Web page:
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Slavery and emancipation themes in Russian and Anglophone literature

September 4, 2011
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A list, to be expanded as I find examples, of specific recurring themes from both literatures that belong to the general category of “slavery and emancipation”:

  1. Slave families are divided when some are sold/all are sold to different masters (Uncle Tom’s Cabin, Avdot’ia Panaeva’s memoirs). (SE1)
  2. Talented slaves work for money outside the master’s house, save it for a long time, and attempt to buy their freedom (RootsMy Past and Thoughts).
  3. Slaves try to escape to free border communities (Cossacks, Seminoles).
  4. Certain slaves internalize the values of the slave society and/or form personal bonds of affection with their masters, and prefer to remain as they are (Mar’ia Isaevna in Зараженное семействоUncle Tom’s Cabin) (SE4)
  5. Certain slaves appear obedient and content, but are willing to escape or rebel at the first opportunity (Про холопа примерного, Якова верного).
  6. Slaves deceive or manipulate their masters while remaining outwardly deferential. (SE6)
  7. Masters manipulate slaves by providing food, alcohol, or small privileges.
  8. Certain slaves work as servants in the master’s house, interacting daily with masters and guests. (Gertsen: “The difference between nobles [дворяне] and house servants [дворовые] is as small as that between their names.”) (SE8)
  9. Other slaves do agricultural work and have contact largely with other slaves and overseers.
  10. Both slaves and masters perceive these two categories of slaves as different. (SE10)
  11. Overseers are hired from an intermediate non-slave, non-slaveholding class (poor whites, Germans) and are hated by the slaves. (SE11)
  12. Married and unmarried men from the master’s family have sex with female slaves. While these encounters involve an extreme difference in power, they take many forms, and in some cases lead to the woman acquiring a special status in the house. (SE12)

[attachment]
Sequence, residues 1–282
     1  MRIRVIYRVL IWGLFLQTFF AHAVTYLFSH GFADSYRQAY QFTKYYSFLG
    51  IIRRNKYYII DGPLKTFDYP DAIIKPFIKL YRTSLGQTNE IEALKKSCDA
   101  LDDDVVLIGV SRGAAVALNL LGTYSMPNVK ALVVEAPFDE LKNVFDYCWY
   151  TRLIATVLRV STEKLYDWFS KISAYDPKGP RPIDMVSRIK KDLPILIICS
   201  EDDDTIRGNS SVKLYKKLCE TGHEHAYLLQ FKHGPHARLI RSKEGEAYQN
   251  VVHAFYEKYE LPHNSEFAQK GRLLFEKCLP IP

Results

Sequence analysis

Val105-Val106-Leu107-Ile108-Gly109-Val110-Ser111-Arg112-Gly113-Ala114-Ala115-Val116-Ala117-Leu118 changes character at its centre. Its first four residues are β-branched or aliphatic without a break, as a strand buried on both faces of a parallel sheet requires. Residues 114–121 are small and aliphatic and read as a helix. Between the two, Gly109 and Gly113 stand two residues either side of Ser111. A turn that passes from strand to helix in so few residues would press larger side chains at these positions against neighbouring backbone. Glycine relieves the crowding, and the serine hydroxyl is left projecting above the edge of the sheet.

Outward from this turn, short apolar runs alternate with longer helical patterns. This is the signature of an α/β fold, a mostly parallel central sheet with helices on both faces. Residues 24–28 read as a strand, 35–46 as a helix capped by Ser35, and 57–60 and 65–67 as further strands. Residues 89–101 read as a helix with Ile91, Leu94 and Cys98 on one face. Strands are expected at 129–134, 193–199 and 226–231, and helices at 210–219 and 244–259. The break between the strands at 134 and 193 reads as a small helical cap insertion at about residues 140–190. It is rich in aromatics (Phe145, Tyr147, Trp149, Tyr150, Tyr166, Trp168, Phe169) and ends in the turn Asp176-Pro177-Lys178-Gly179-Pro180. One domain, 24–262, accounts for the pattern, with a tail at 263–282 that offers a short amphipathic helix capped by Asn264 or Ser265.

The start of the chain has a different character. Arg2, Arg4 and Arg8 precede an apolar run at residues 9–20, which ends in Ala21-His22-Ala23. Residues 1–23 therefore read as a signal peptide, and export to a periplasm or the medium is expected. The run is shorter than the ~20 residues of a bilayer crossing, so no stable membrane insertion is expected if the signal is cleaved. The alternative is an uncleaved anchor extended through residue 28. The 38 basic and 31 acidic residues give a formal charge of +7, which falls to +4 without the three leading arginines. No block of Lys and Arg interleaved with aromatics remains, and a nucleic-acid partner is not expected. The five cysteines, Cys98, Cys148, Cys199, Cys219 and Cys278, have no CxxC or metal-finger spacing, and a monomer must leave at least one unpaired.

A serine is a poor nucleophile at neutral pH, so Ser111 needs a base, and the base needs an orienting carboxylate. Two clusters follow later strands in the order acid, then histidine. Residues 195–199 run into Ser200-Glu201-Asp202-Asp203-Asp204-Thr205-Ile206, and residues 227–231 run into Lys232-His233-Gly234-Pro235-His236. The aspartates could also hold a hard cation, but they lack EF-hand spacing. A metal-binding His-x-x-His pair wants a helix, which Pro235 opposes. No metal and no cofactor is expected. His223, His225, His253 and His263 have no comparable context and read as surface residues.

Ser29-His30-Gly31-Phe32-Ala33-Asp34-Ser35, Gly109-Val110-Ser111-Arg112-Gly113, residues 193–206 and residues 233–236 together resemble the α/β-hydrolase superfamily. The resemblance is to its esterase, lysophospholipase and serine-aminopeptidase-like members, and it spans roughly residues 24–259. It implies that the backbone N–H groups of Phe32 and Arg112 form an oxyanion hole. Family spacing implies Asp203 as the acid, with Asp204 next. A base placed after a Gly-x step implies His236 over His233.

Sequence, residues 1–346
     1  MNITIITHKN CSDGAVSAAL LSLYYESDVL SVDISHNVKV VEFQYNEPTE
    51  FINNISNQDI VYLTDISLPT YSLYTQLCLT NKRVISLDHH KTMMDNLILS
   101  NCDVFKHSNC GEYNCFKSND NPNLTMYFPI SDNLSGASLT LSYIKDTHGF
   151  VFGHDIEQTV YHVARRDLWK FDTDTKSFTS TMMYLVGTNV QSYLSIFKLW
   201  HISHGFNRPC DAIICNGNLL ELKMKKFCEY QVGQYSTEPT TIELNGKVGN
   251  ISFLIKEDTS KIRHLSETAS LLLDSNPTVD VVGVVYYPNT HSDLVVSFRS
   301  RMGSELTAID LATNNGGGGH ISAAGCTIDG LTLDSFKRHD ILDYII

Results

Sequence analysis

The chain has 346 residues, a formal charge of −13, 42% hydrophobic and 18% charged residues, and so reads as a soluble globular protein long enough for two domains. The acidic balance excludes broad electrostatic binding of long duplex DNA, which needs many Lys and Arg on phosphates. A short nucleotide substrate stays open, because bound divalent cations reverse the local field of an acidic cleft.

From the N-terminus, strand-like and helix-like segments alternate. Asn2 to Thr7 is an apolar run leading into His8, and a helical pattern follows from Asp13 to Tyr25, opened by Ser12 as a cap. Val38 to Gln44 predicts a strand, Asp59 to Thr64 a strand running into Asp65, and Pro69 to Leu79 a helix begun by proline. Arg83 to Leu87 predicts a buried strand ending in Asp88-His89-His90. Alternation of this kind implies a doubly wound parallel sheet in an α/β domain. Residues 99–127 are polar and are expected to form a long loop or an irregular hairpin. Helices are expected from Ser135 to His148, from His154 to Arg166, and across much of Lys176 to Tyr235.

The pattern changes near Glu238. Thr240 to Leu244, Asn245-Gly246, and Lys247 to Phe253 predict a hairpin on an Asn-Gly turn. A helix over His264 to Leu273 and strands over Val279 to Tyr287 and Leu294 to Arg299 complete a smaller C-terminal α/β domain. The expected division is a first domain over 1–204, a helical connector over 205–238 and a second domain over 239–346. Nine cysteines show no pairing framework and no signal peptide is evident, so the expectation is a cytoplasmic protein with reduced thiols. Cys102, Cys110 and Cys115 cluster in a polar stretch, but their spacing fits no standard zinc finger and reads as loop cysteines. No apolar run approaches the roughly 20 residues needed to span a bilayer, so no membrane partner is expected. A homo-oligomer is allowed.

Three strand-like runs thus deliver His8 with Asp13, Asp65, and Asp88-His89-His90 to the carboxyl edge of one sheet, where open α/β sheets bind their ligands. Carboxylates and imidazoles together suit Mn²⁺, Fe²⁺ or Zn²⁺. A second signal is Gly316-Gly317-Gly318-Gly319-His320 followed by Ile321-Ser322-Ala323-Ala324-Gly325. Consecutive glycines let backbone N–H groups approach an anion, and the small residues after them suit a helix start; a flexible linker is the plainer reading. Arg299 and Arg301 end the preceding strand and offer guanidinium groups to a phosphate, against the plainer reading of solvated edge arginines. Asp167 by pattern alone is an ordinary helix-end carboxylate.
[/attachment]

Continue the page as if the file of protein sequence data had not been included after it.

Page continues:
13. The idea of a slave rebellion on any scale is enough to terrify slaveholders. (SE13)
  14. Authors often represent in written form non-normative aspects of slaves’ speech (nonstandard words, mispronunciations of standard words, fast speech contractions); the slaveholders’ speech is transcribed as much closer to the standard written language. (SE14)
  15. Pro- and anti-slavery thinkers justify their positions with Christian theology. (SE15)

Items from the two lists below will be moved to the main list above if and when I find examples.

Slavery and emancipation themes found in Russian but not American literature:

  1. Some writers hold peasants up as a model of community that non-peasants should emulate.
  2. Some slaves not only work off the master’s land for money, but travel to distant cities for long periods to do so.
  3. Masters refuse to grant slaves permission to marry if they find the would-be wife attractive.

Slavery and emancipation themes found in American but not Russian literature:

  1. There is a special class of people who specialize in capturing runaway slaves; slaveholders tend to despise them even as they use their services.
  2. Slaves try to escape (or exercise limited freedom) by passing as non-slaves.
  3. Slaves’ degree of slave/slaveholder ancestry creates divisions among slaves themselves.
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